Tyrannosaur is ugly viewing at times -- in an early scene, James returns home to find Hannah asleep on the sofa and promptly urinates on her -- but it's also powerful, mesmerising and utterly convincing. I ask whether Considine consciously intended to travel down such a dark alleyway. "No," he says, sounding bemused. "Things just come out. I don't go to work going, 'Today I'm going to write a scene where somebody pisses on his wife'. You've got your characters, and they take you places and surprise you. It's you doing it, but you give your stuff over to them."
He's almost cringing as he tries to articulate his words. A few months ago, he admitted in the press that he'd been diagnosed with Asperger syndrome last year, a disorder that can often cause problems with communication and social interaction. But this isn't an example of that. Rather, Considine is merely embarrassed to talk about the process of writing in such a high-falutin' manner. When I ask Mullan later, the impression I'm given is of a "phenomenal director" who works instinctively from within. "He isn't ashamed to imbue his own work with his own life, his own beliefs, and the kind of cinema that he loved and loves."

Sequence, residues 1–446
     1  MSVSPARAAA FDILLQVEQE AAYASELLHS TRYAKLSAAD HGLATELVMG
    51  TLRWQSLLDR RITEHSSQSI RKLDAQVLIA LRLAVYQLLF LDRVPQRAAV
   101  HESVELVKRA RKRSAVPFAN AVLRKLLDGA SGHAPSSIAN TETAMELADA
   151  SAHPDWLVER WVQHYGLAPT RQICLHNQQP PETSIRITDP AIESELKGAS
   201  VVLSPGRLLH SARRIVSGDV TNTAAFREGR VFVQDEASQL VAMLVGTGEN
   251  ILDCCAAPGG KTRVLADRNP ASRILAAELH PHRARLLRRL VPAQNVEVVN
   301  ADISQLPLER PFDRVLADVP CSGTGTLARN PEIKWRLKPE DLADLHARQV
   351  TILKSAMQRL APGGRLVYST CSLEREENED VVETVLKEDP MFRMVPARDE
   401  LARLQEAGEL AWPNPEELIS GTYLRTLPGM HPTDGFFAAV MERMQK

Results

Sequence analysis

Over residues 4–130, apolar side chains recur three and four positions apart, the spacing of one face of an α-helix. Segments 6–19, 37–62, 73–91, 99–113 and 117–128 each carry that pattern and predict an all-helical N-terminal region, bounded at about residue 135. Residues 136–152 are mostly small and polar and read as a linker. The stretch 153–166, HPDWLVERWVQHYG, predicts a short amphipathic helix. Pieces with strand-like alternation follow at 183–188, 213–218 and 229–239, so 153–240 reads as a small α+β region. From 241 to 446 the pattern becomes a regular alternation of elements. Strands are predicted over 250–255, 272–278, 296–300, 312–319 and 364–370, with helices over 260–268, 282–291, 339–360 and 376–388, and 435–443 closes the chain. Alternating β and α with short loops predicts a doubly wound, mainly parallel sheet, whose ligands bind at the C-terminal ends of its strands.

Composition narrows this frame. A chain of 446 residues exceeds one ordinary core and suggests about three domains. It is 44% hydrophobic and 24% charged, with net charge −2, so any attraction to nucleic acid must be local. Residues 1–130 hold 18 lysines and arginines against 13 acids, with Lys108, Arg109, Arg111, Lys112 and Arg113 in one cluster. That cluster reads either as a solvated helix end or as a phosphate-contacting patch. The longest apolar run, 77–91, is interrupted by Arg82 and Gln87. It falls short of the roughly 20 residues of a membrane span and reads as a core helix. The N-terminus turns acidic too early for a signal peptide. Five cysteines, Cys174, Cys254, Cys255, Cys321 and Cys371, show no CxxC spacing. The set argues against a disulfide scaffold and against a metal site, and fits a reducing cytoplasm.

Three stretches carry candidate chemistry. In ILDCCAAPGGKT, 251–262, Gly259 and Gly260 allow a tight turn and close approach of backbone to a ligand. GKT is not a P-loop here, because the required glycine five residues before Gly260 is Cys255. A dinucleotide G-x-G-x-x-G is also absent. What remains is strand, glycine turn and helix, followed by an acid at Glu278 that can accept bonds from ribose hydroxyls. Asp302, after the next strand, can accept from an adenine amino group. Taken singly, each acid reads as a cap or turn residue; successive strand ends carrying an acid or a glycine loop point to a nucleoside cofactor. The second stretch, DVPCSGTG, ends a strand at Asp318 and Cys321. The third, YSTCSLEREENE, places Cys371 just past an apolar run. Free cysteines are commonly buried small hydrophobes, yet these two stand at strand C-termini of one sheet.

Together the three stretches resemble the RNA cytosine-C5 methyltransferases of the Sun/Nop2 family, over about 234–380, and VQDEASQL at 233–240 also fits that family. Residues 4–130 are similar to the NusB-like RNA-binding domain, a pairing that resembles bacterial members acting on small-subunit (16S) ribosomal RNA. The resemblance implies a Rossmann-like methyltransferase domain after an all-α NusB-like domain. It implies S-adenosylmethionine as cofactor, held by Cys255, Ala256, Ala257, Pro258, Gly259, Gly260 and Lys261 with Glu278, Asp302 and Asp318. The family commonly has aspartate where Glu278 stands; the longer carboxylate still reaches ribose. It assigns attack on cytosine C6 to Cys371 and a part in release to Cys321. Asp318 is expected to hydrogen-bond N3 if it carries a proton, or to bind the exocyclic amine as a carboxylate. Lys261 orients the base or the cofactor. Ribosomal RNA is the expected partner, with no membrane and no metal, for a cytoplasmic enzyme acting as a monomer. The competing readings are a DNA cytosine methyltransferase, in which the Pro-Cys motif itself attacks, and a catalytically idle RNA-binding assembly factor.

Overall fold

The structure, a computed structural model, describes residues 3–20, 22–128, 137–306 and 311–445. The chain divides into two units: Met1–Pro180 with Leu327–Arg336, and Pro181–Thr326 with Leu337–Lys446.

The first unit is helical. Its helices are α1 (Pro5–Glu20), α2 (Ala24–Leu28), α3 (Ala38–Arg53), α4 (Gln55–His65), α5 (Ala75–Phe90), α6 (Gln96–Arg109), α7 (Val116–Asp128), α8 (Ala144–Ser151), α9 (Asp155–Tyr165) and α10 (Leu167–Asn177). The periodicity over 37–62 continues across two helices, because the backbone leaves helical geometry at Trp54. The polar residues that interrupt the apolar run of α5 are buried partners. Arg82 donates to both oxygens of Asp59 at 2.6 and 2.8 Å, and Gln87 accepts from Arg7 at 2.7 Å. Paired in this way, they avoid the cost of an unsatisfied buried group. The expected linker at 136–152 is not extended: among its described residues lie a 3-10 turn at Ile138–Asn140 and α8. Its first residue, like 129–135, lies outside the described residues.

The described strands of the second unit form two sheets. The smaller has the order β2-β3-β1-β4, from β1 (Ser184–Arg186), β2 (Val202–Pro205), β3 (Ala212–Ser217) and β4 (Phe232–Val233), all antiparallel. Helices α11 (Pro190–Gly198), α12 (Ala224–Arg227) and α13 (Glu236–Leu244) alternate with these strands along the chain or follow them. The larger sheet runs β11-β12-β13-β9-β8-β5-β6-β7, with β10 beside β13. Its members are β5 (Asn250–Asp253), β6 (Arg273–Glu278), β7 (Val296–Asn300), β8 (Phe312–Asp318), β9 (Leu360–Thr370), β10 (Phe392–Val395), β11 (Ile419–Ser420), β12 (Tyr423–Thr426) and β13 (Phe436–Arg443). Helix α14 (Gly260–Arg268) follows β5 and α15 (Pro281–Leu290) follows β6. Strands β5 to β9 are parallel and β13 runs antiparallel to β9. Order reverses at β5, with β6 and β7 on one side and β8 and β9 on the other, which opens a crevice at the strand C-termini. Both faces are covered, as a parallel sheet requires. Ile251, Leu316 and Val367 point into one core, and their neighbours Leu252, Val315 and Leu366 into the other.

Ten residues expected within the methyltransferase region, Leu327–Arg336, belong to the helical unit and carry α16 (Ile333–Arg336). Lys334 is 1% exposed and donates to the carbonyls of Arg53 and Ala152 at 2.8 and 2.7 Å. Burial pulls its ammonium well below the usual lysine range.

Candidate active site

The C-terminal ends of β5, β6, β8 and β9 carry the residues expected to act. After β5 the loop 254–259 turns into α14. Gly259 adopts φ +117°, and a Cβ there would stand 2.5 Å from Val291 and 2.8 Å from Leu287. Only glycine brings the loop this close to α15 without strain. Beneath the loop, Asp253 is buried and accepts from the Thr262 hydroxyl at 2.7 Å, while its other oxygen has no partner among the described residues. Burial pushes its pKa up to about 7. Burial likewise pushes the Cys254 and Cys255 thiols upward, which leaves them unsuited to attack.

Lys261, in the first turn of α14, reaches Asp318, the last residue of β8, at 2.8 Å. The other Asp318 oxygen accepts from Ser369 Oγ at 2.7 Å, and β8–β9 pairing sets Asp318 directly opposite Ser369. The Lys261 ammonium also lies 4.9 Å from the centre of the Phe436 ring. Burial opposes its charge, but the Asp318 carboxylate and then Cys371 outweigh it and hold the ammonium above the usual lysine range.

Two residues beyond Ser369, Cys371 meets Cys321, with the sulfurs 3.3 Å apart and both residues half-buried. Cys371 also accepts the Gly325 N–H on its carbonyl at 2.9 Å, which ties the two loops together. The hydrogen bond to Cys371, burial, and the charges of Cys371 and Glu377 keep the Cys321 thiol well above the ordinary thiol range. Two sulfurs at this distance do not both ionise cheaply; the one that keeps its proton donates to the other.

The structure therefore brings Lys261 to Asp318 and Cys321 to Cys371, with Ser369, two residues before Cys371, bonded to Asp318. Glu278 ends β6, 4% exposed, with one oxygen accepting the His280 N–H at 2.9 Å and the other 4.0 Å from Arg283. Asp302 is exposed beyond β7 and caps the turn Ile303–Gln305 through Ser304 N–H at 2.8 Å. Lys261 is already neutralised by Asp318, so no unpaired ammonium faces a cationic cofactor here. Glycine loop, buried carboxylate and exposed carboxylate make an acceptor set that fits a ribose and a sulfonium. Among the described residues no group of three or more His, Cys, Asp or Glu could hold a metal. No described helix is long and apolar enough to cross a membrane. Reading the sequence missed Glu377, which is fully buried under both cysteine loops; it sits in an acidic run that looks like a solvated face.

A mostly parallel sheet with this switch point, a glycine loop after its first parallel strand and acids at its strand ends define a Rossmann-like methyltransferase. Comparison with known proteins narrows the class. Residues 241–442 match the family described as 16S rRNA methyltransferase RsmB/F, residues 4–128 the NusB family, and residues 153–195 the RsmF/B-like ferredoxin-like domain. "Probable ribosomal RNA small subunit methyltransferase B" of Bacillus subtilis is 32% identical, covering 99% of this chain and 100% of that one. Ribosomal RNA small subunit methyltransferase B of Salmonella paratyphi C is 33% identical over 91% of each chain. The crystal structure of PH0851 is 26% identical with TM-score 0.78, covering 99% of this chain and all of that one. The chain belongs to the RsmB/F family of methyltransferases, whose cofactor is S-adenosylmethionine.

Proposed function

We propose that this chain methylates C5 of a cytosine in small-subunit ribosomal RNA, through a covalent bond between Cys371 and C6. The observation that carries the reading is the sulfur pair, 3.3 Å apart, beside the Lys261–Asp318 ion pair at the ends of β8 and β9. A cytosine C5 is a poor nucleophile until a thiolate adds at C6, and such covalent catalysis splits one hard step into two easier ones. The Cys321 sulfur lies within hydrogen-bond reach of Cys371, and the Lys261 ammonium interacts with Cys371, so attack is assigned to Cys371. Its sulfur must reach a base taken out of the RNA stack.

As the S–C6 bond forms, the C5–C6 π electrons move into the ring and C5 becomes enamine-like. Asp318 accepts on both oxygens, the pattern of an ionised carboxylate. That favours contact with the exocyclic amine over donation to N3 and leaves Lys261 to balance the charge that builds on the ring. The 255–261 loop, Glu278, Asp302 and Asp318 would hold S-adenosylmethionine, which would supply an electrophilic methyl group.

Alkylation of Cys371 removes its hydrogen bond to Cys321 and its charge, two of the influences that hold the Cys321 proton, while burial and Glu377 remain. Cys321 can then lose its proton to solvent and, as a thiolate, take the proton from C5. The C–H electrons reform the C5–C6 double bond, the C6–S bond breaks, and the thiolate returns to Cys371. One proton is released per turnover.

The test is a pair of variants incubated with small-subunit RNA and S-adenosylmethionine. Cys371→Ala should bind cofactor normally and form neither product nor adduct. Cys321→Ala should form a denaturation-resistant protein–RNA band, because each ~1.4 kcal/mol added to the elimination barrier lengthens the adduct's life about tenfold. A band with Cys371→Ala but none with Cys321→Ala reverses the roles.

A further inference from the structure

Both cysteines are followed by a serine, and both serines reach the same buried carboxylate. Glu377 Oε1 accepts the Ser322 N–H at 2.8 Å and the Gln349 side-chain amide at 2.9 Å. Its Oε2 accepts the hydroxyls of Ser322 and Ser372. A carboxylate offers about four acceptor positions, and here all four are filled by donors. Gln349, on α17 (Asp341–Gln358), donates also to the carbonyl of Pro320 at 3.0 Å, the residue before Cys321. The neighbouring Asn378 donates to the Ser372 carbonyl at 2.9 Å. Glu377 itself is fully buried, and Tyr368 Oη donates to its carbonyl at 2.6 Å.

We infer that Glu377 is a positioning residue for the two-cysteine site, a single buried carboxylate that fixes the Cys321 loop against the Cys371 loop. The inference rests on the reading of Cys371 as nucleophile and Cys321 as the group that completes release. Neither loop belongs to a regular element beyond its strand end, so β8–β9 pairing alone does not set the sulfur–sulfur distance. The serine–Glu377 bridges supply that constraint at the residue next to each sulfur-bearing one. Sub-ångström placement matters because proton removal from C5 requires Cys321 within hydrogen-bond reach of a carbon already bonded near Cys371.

Take the film's religious issues. "I can only imagine that Joseph has been seriously let down by religion in his past life, with the concepts of it," Considine tells me. So where does that come from? "I have a problem with religion. I don't with spirituality, but I do with religion. I have a huge problem with that." He starts talking about his mother. "She wasn't a religious nut. But she used a lot of the lingo -- 'It's God's will', but when your mum's eventually lost her sight and both her legs to diabetes, and it's God's will, it's kind of a hard pill to swallow."